Although the State of Nevada has no known magnetic field regulations, local governments may have regulations relating to EMF standards.

Visual/Scenic Resources

Developers should be aware that the potential effects of transmission projects on visual resources has been a challenge in siting transmission facilities. Transmission line projects may cause visual contrast within the landscapes they cross due to their length, size and the regular geometric forms of the transmission towers. These projects may affect sensitive viewers (i.e., residents, recreationist, etc.) located along the right-of-way.

Analysis of impacts to visual resources as a result of a transmission line project may be required as part of a federal, state or local permitting process. For example, at the federal level, a project required to go through the NEPA process must evaluate impacts to visual resources. In addition, some public agencies have requirements or provide guidelines for evaluating and assessing impacts to visual resources for projects that cross their jurisdiction. For example, the BLM and U.S. Forest Service (USFS) have developed methodologies for inventorying visual resources and assessing visual impacts on lands under their respective jurisdictions.

In Nevada, projects subject to the Utility Environmental Protection Act (UEPA), an applicant is required to submit a summary of any studies which have been made of the environmental impact of the facility as part of the UEPA permit application (NRS704.870). In addition, a copy or copies of the environmental studies conducted must be file with the Commission and be available for public inspection (NRS 704.870). Environmental studies required for inclusion in the UEPA permit application may include visual resources.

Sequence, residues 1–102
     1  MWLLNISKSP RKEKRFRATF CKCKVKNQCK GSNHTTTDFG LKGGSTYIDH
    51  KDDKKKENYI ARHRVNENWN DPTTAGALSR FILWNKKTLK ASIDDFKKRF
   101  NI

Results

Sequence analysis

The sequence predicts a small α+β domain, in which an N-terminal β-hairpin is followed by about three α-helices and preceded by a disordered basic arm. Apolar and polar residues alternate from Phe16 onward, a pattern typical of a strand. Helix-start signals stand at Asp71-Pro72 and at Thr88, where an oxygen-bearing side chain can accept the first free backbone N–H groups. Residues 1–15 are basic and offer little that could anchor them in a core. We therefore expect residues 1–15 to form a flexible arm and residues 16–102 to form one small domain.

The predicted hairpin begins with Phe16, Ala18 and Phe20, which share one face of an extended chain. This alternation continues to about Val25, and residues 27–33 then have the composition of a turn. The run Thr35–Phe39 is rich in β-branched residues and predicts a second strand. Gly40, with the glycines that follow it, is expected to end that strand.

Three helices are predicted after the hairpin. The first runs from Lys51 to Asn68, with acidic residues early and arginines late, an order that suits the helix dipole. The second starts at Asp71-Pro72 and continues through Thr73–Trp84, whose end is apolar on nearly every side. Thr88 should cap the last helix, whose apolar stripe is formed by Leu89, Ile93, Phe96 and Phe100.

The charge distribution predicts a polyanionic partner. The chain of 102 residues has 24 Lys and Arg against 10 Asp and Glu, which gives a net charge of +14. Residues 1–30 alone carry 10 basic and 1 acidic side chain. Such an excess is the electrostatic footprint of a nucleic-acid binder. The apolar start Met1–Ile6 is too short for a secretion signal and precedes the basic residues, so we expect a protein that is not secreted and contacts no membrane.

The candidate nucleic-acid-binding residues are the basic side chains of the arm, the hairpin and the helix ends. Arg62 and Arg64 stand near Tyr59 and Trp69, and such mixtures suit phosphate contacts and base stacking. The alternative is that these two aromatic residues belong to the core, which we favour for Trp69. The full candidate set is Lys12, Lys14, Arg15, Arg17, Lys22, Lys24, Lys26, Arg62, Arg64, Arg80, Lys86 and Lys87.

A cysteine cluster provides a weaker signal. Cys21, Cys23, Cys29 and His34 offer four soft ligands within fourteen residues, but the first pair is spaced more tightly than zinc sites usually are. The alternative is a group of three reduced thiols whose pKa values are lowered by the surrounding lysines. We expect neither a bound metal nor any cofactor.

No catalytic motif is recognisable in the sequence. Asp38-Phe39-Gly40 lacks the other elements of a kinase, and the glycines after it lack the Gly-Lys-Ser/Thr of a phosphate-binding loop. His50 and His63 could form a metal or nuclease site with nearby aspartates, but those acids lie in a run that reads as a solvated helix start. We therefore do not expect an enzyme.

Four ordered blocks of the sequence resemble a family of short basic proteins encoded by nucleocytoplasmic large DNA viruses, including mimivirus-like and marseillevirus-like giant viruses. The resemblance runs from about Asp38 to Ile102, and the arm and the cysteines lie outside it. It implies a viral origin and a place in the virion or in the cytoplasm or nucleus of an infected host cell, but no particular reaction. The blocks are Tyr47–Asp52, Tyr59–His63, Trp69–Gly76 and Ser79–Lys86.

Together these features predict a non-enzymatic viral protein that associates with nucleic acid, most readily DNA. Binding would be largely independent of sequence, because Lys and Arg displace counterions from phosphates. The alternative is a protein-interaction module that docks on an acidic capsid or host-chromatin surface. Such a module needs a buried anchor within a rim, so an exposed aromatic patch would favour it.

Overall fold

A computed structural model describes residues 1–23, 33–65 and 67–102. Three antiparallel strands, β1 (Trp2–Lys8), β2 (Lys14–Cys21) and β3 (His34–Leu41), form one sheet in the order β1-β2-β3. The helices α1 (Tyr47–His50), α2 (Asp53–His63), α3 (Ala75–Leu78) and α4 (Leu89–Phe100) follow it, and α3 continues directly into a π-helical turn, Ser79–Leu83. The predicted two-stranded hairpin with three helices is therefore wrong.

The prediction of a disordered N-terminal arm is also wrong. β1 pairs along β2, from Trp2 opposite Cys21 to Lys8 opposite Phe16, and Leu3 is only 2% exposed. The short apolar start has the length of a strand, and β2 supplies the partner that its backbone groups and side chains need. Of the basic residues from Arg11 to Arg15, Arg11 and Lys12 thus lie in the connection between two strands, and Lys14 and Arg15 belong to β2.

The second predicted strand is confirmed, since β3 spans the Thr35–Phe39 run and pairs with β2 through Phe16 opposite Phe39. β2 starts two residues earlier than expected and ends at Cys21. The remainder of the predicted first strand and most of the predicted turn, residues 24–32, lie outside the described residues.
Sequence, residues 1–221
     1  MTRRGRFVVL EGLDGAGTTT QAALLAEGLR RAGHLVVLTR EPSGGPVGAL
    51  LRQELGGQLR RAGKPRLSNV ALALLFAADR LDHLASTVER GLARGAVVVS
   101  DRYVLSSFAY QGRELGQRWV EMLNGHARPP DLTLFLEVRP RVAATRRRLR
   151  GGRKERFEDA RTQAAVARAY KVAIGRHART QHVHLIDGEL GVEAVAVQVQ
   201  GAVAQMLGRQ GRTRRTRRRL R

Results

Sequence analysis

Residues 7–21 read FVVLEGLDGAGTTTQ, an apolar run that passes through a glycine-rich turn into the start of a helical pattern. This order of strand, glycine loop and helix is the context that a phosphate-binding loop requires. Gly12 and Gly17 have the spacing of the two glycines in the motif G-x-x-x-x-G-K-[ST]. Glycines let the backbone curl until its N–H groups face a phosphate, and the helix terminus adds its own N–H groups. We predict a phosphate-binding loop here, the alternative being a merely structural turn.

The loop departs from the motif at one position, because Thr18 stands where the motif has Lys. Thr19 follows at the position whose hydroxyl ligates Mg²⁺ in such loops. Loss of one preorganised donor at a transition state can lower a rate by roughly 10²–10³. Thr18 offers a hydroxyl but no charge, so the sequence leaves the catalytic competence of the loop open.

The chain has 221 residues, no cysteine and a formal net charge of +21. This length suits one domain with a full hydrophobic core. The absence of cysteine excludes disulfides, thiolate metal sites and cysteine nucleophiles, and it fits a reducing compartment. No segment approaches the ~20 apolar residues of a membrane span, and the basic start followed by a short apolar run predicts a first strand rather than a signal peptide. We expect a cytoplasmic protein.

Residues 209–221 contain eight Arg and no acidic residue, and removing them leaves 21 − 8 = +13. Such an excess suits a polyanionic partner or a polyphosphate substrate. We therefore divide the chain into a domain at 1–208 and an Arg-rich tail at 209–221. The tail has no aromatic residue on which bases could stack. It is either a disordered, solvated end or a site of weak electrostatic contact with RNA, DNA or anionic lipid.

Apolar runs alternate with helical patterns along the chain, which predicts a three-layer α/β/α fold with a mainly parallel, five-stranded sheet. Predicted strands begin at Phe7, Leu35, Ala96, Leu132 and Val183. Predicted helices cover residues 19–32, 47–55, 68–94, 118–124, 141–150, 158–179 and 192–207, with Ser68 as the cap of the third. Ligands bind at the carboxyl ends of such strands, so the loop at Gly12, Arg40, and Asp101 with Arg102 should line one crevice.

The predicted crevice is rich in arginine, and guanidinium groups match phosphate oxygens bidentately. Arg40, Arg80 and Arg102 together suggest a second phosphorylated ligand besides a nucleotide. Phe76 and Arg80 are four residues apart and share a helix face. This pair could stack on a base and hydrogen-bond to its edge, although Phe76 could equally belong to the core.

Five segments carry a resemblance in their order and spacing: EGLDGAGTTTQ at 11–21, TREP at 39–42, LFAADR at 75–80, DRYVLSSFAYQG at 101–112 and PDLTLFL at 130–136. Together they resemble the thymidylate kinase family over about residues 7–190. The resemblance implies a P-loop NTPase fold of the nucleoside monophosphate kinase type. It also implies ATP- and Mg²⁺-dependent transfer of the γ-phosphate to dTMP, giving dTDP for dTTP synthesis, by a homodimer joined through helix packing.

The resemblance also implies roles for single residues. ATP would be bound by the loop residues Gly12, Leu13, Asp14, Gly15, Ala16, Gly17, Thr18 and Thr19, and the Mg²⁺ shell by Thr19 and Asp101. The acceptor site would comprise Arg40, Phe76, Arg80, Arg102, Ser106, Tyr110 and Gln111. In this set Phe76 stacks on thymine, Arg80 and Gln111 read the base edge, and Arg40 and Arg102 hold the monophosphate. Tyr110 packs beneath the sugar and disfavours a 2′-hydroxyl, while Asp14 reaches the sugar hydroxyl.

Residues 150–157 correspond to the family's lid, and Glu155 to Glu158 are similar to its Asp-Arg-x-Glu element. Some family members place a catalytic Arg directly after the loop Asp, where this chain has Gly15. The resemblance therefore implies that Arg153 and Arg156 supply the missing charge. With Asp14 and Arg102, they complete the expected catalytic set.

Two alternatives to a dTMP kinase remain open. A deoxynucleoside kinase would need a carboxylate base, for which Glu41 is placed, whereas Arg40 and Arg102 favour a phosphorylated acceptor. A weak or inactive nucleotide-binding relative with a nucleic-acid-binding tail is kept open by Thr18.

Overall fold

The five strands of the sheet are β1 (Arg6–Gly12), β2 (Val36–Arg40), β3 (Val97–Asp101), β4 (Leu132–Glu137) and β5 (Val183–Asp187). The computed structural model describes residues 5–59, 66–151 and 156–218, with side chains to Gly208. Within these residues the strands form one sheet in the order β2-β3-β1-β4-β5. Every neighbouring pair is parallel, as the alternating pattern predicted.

If projects fall under the National Environmental Protection Act (NEPA) and requires federal environmental analysis, then potential impacts to visual resources will need to be evaluated. NEPA review is conducted by a "lead agency.” A “lead agency" is the federal agency responsible for producing the NEPA document(s) and coordinating with any other federal, state, or tribal agencies. For most projects, the lead agency will be the Bureau of Land Management (BLM), the United States Forest Service (USFS), the Department of Energy (DOE), or the United States Department of Defense (DOD). As noted above the BLM and USFS has methodologies for inventorying and assessing impacts to visual resources.

Waste and Hazardous Material Assessment Process

Developers must obtain a Hazardous Waste Permit from the NDEP if their project facility will treat, store, dispose, or transport hazardous waste. NAC 444.8458. In such cases, developers must submit a Hazardous Waste Part A Permit Application to NDEP for review. Following review, the NDEP will issue a Hazardous Waste Permit. Nevada adopts by reference, with certain modifications, Federal hazardous waste regulations.[2]

Local Environment Process

Local regulatory authorities include counties and local municipalities within the state of Nevada. In Nevada, the state has permitting jurisdiction over transmission line projects with a capacity of 200kV or more. Local government permitting requirements, including environmental review may also apply.

Policies & Regulations


  1. N.R.S. 704.820 - Utility Environmental Protection Act (1971). et seq
  2. NAC 444 Sanitation (2014). 8458